The myth about traditional math education

“The traditional method of teaching math has failed thousands of students,” claim new math proponents. That’s a myth, writes Barry Garelick in Education News.

Garelick looked at math books and methods used in the ’40s, ’50s and ’60s.

Mathematical algorithms and procedures were not taught in isolation in a rote manner as is frequently alleged. Concepts and understanding were an important part of the texts.

Then and now, nobody argues for memorization without understanding, he adds.

Traditional math education was working reasonably well, Garelick argues. In Iowa, test scores rose steadily until about 1965, and then declined dramatically for a decade.  This pattern was repeated in Minnesota and Indiana.


Source: Congressional Budget Office (1986)

Some researchers blame increased drug use and the rise in divorce and single-parent families for the decline. Garelick blames progressive education which called for student-centered, needs-based courses.

After taking not-so-early retirement, Garelick is now a student math teacher at a California junior high school.



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  1. Well, the math books I had growing up were all rote memorization and plug-n-chug. At the top of the page there were a bunch of examples of how to solve a particular type of math problem with no explanation of the underlying concepts. Then we’d be assigned a long list of practice problems. Lather, rinse, repeat. I was good at memorization so I got all A’s in math and 700 on my SAT-M, but I didn’t have a clue as to why the algorithms worked.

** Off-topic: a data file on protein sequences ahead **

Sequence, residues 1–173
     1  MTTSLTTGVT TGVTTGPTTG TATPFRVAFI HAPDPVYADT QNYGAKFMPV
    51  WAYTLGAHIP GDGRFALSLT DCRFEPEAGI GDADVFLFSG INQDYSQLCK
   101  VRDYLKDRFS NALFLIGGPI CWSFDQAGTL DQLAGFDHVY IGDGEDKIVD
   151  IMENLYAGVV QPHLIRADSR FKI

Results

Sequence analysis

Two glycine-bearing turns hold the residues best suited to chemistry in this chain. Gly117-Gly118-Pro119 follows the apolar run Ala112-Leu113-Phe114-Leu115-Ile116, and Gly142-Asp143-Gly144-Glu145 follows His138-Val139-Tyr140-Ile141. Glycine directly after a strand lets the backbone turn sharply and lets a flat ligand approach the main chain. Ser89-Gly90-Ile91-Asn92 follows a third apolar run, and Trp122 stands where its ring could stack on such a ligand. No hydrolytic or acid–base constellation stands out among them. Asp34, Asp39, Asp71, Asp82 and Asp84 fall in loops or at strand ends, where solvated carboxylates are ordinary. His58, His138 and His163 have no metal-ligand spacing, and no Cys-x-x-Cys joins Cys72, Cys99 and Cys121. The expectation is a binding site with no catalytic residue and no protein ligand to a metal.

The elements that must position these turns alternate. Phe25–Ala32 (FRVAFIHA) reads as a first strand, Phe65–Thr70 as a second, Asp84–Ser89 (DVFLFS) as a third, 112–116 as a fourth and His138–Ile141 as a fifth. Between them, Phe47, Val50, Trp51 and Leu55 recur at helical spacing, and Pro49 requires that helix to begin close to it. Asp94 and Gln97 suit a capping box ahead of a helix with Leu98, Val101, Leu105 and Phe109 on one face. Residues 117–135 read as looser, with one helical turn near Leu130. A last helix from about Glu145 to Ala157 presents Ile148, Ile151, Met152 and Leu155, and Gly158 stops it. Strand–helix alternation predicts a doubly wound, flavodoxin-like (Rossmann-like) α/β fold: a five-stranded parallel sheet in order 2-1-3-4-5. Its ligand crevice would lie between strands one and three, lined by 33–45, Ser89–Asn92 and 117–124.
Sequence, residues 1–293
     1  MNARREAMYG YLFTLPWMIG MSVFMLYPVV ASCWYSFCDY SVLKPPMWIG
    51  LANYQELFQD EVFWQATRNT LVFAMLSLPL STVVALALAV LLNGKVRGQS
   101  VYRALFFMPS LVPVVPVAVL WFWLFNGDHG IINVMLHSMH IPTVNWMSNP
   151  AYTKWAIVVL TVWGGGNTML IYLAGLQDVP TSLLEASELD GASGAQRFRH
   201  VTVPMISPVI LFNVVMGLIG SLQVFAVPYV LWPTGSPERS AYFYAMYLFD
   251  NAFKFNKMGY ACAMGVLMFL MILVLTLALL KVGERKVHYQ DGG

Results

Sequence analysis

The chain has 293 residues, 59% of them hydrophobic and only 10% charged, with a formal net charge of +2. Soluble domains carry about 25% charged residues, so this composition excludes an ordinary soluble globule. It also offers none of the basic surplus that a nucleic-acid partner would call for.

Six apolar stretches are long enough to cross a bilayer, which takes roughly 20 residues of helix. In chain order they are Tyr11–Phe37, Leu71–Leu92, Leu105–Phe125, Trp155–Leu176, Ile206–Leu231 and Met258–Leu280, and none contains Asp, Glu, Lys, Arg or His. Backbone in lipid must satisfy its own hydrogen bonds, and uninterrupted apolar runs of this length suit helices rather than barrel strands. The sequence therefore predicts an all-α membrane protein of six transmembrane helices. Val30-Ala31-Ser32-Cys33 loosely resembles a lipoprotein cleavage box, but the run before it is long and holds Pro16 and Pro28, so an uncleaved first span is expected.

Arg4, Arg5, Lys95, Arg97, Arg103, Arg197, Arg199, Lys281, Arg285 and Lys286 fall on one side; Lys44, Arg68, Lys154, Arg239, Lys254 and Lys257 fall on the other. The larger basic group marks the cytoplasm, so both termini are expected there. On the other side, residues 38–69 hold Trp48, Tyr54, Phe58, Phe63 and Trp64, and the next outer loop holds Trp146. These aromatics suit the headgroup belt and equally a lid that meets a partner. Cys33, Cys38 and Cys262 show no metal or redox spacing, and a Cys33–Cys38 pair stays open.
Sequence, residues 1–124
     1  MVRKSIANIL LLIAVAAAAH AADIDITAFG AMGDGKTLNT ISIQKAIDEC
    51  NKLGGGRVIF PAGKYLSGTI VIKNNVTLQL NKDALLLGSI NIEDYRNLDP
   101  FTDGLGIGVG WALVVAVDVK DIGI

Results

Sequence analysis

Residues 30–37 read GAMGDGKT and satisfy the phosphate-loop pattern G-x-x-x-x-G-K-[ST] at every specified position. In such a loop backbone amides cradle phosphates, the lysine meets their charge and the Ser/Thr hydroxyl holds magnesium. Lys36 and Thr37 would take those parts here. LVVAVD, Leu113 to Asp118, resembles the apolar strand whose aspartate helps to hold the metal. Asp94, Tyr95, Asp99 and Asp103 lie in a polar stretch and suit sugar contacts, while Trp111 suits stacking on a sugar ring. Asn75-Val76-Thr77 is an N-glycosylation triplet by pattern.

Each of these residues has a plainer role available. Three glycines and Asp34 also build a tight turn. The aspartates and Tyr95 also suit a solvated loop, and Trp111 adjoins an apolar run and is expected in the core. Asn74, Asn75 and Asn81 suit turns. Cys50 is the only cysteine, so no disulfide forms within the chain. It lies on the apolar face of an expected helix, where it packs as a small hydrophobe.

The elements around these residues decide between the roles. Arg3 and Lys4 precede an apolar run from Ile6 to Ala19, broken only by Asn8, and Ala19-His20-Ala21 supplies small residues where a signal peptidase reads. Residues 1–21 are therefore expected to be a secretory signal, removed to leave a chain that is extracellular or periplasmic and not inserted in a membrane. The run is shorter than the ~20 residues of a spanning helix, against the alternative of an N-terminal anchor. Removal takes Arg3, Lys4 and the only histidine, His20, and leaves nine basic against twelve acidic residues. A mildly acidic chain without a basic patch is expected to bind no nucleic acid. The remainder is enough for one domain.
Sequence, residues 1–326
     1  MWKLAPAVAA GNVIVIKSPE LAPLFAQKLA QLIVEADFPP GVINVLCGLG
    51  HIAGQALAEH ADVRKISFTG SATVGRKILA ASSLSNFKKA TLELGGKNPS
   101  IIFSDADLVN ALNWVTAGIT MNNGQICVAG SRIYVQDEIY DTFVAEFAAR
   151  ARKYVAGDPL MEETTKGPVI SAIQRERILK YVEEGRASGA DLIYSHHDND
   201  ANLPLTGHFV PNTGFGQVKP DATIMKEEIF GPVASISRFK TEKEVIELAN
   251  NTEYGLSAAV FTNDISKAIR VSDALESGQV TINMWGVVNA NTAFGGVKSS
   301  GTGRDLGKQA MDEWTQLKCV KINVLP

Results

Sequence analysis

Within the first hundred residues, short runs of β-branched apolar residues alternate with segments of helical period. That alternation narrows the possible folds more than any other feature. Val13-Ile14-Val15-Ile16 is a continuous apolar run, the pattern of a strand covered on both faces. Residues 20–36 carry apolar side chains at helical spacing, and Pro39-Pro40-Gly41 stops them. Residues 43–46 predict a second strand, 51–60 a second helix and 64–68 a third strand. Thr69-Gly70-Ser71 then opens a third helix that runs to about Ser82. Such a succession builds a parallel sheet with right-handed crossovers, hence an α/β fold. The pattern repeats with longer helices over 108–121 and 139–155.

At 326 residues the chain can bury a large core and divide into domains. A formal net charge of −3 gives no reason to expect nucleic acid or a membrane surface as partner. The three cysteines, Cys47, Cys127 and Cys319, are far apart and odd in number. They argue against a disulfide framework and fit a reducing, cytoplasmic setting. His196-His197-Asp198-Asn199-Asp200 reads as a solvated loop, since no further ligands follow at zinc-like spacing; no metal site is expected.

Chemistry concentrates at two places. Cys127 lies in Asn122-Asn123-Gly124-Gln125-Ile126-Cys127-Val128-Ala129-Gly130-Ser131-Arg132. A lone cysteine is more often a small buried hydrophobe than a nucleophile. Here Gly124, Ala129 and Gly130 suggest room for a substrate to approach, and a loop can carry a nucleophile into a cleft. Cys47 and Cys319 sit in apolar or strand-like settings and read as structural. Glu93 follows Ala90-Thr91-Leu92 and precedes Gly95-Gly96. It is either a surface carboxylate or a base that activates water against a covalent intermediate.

If you had asked me a few years ago to solve a division by fractions problem, I could’ve quickly calculated the correct answer. But if you had asked me why I inverted and multiplied, I couldn’t have given an answer beyond “because that’s the way you do it.” Now, after teaching my kids Singapore Math, I actually understand the reasons behind the algorithm and could give a conceptual explanation.

    • j.d. salinger says:

      Some texts were better than others; it depends on the era. The text I reproduced in my article was from 1948 and the explanation of fractions was anything but rote, and offered a good explanation and shows why fractions are the same as division: a concept that is brought out in Singapore’s books.

      While you now can give reasons behind the algorithms and conceptual explanations based on your reading of Singapore Math, you are an adult. I have taught students with Singapore Math. Some of them understand the concepts behind the procedures–some don’t. But all can do the procedures and problems. If the training you had as a child enabled you to score 700 on your SAT, then you likely were able to solve many problems. Would understanding why the long division and “invert and multiply” rule have enhanced your problem solving ability?